Friday, March 6, 2015

Apple Pay may not be a big thing for retail shops, but it may be huge for online shopping.

Most of the attention that Apple Pay and the other new mobile payment systems have received has centered on how (or why) paying for a latte on your cell phone is better than whipping out a credit card. Some people say why bother, but I think that's because credit cards are pretty good for that kind of task. The brick-and-mortar application for mobile payments is small beer. It's an incremental improvement. It's online shopping where Apple Pay may become revolutionary.

The ability to enter a totally secure credit card online with just a thumbprint solves a lot of problems for our mobile website. I'm convinced one of the main reasons people don't shop on their phones — even if they are on mobile-optimized sites like ours — is that they have to type. People have to enter all kinds of info like addresses and credit card info on a phone's dinky keyboard and that sucks. The other reason is that they need to remember passwords but all their passwords are on their laptops or buried in some other secure password-remembering App that's a pain to access.  Apple Pay can solve all that.

Apple Pay could let your finger print be your password to a site. Apple Pay knows your billing address so presumably it could automatically enter that when you finger print too, saving you from typing your  address. Apple Pay could allow the mobile browser access to the phone's contacts where you have 99% of your likely candidates for a ship-to address (chances are if you're sending a gift you know the person and they're already in your contacts). That means you could log in, enter your billing address, credit card info, and ship-to address in one  thumb print and maybe 2 more clicks. Think about that. You find something online with your phone. You click the link to a shopping website. Then you place a complete order in 3 clicks. You wouldn't need to download the company's app, it can all happen in the browser. A website could take an order from a new customer, too, in just 3 or 4 clicks. This could be a big deal.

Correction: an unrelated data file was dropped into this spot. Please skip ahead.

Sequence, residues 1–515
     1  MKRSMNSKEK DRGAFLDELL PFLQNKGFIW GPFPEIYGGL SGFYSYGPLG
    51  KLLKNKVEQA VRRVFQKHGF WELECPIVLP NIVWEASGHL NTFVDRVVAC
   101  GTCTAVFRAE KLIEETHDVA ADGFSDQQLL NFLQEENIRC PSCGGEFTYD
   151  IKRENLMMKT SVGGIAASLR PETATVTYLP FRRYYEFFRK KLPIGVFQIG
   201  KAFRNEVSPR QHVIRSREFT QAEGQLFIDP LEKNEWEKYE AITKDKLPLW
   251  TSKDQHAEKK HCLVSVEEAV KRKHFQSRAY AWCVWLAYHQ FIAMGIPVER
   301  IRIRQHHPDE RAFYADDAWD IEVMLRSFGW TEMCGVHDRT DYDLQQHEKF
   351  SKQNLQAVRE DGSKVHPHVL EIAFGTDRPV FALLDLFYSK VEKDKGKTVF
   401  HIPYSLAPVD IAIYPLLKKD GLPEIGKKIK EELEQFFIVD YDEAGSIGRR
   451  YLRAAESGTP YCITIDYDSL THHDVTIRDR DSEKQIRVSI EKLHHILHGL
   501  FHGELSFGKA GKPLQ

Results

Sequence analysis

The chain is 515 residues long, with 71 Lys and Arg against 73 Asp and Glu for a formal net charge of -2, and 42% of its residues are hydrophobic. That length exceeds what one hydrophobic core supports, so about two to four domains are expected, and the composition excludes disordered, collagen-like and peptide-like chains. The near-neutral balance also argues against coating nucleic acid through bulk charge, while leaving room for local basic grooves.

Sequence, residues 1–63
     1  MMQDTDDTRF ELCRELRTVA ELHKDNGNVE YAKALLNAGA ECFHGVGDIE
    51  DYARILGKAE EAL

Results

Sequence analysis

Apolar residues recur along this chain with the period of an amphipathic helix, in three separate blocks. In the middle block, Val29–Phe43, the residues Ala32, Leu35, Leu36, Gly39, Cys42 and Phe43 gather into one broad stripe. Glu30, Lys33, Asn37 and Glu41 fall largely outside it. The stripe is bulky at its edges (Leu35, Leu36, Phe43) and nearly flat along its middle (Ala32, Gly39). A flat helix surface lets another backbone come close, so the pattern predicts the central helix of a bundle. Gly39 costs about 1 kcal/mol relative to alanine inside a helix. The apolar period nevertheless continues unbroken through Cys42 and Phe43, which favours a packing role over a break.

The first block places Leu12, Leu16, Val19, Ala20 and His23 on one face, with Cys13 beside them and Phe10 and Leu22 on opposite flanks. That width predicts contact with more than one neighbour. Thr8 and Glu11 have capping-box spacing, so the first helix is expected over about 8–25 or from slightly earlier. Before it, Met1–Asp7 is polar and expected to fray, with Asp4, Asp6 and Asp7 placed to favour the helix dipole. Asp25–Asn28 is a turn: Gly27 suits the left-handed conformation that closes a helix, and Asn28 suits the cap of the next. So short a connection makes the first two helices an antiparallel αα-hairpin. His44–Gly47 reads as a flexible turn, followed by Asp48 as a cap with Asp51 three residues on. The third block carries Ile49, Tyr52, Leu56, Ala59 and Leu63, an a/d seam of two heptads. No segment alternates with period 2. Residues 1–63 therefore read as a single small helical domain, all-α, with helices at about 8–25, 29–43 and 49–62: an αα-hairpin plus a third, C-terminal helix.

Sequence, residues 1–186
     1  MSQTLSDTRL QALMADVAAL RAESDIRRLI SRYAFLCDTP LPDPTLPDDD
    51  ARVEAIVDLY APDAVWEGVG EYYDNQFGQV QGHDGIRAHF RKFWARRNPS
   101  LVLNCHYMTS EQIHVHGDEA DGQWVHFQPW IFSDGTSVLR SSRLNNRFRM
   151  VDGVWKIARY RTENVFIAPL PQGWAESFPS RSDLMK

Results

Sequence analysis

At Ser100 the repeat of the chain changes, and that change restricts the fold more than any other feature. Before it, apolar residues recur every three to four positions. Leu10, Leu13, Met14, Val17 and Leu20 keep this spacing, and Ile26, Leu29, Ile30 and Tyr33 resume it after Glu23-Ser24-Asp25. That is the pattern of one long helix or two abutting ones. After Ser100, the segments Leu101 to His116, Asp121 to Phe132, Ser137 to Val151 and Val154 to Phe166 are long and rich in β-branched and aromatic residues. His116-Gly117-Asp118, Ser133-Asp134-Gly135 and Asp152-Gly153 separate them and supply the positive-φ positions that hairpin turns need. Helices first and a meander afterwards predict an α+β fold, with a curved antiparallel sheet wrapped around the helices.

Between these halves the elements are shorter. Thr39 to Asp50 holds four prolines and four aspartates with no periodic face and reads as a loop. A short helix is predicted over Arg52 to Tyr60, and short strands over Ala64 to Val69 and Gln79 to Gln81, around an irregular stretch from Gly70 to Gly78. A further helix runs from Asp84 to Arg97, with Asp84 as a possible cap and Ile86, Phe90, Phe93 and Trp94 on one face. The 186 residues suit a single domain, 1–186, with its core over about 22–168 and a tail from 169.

Designing a warehouse event space out of pallets

Adam's pallet construction studio.

Adam Moskowitz owns the cheese importer/distributor/warehouser hub Larkin in Long Island City, Queens. (He's also the impresario behind the great Cheesemonger Invitational.) I visit his warehouse from time to time to taste incoming batches of Manchego for Essex St. Cheese.  For most of the last year he's been outfitting a room as a teaching space. I've seen it grow from a typical concrete-and-cinder block slab to a warm, fantastic space. It's called Barnyard and most of it is decorated with parts of pallets that come with the cheese imports. Pallets on the lights, pallets as tables, pallets as chairs. Awesome idea.